On October 26, 2023, the NLRB changed its definition for joint-employer status under the NLRA. Under the new rule, a company may be considered a joint employer if it possesses the authority to control one or more of the employee’s essential terms and conditions of employment, which includes working conditions related to safety and health. This could become an issue, for example, on a multi-employer worksite where one company requires another company to enforce cardinal safety rules. Under the new definition, the NLRB may conclude that a company becomes a joint employer when it requires another company to enforce specific cardinal safety rules, because doing so is an exercise of control over an essential term and condition of employment for those employees. Once it is determined that a company is a joint employer, then it may have a duty to collectively bargain with a labor union.
In short, increased agency coordination as a result of this MOU, coupled with other recent agency actions, could result in unions having greater leverage when engaging in collective bargaining or engaging in organize campaigns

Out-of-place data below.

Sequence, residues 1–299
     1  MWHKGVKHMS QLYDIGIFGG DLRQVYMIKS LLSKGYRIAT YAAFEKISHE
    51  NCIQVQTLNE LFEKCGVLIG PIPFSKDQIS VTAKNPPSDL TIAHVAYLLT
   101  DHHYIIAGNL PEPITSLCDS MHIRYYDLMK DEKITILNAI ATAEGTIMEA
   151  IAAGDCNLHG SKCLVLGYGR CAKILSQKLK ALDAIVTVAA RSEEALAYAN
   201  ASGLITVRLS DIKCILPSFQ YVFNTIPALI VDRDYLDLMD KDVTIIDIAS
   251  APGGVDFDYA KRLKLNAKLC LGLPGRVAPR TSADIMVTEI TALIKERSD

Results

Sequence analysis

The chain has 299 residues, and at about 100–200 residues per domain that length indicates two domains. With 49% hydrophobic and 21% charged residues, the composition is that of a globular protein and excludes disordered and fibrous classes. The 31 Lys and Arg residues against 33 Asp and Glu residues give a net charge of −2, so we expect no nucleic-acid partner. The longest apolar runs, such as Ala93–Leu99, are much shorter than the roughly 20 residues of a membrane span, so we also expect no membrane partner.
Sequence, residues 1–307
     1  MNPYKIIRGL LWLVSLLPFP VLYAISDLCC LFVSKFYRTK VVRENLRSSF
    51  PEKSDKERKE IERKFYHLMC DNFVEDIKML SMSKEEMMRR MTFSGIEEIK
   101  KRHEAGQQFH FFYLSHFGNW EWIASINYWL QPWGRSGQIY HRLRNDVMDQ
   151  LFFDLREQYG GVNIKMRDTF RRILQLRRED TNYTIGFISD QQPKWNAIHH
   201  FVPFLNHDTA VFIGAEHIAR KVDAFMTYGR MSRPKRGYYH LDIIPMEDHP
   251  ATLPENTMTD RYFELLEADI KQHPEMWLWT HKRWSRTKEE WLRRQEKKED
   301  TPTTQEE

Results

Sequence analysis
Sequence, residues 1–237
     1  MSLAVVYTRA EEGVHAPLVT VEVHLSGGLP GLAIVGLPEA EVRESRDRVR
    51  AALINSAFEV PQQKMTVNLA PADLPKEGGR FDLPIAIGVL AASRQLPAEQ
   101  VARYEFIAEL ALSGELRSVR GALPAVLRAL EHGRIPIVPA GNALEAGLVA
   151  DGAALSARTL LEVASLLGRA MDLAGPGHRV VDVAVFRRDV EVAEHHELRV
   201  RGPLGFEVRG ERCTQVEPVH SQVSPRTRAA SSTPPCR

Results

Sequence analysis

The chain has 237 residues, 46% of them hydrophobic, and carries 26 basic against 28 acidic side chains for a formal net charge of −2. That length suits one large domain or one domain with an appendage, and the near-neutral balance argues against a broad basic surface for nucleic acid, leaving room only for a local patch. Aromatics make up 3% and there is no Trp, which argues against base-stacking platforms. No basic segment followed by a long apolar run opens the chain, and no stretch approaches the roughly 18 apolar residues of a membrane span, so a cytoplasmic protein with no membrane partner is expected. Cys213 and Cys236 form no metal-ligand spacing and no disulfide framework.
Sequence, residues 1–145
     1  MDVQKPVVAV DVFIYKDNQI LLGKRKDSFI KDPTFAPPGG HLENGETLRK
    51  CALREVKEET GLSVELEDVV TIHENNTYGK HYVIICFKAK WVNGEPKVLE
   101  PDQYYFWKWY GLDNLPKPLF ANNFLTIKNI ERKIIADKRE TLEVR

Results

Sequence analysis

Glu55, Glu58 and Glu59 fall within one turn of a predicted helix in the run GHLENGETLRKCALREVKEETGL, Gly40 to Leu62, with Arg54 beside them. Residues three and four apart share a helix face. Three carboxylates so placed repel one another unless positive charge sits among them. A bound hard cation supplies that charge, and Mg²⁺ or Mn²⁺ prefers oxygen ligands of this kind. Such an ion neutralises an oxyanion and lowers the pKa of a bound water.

In light of NLRB’s and OSHA’s the increased collaboration and commitment to coordinated enforcement, we recommend employers consider taking the following actions to better manage legal and regulatory risks:
- Make sure EHS professionals, managers, and other supervisors know how to prepare for and manage OSHA inspections.
- Review information before it is shared with OSHA and prepare managers and supervisors for OSHA interviews. The MOU does not require the agencies to notify employers when they share employers’ information with each other, so employers should always assume the agencies are sharing their information.
- Train managers and supervisors on OSHA and NLRA protections, so they can reinforce overall compliance with the OSH Act and NLRA. In addition, well-trained personnel are better positioned to spot potential issues and proactively ask for support/help when needed.
- Establish a strong system to manage and respond to employee workplace safety concerns so employers can promptly and properly address any issues raised by employees.
- Engage a lawyer if discipline is anticipated for any worker who has also complained about working conditions.